Randal and Naomi work behind the scenes with SEA to upgrade the website, map our data, create a watershed/ ocean monitoring mobile App, and push me to do important web based stuff I would rather ignore!  Randal is editing our WaterWatch mobile App through Fulcrum.  For his full time job, he does all sorts of GIS work, so he maps our water quality data as well.   Naomi’s work on our website is nothing short of spectacular.  Her vision, creativity and mad tech skills have changed the way the world sees us and it’s incredibly positive!  Even better,  they are the techies that make you laugh and teach you so much along the way. We are so much stronger because of their work and their influence.  Thank you for being our water champions through technology!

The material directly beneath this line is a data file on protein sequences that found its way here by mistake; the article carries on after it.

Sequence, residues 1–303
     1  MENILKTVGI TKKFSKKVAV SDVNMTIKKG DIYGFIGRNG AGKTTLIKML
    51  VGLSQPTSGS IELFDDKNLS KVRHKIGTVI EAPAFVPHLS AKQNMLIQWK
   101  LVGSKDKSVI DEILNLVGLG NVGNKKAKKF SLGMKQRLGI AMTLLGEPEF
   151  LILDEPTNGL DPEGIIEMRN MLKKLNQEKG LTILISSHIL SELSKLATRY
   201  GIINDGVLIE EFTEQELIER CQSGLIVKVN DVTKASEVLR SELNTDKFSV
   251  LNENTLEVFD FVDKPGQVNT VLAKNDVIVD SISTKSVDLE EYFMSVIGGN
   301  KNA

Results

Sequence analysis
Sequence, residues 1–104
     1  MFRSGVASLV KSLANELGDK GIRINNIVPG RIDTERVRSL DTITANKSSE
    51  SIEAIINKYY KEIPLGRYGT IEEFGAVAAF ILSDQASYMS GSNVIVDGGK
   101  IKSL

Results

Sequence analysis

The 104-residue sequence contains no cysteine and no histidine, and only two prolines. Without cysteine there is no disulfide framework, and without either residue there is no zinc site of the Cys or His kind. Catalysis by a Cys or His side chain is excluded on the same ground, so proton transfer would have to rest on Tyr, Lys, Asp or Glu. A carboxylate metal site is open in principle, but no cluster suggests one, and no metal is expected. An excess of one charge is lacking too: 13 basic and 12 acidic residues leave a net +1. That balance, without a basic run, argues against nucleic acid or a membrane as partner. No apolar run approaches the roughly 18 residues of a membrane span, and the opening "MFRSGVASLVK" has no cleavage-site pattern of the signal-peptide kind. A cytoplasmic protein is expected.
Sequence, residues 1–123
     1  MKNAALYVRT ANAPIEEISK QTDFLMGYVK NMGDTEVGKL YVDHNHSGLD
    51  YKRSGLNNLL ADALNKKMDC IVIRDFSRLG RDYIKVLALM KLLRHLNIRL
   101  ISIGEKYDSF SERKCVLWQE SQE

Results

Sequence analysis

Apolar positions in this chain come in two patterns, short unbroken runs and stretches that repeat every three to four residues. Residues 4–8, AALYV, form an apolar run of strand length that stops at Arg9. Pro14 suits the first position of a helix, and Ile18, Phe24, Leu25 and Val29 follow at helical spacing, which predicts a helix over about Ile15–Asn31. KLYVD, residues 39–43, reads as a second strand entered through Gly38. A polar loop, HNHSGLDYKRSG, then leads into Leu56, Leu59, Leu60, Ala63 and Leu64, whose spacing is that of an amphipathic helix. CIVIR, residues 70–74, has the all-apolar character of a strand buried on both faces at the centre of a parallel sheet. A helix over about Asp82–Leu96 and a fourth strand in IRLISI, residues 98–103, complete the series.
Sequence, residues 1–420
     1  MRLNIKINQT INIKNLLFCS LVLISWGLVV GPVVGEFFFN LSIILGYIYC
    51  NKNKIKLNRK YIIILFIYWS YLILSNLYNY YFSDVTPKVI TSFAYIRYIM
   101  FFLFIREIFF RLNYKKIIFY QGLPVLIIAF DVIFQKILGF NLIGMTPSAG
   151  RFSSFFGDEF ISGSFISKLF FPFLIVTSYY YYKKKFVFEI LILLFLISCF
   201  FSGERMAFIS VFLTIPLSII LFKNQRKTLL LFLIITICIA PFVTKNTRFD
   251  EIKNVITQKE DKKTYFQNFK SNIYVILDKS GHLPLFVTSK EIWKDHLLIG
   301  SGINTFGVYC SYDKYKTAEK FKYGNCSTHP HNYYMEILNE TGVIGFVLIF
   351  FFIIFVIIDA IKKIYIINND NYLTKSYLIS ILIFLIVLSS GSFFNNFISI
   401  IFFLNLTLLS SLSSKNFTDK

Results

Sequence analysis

Valerie and her boys!

Randy leads a fossil hunt!

Naomi escaped her computer!

 

Rainforest Camp!

YAY! We survived!! Call me crazy, but I love Rainforest Camp!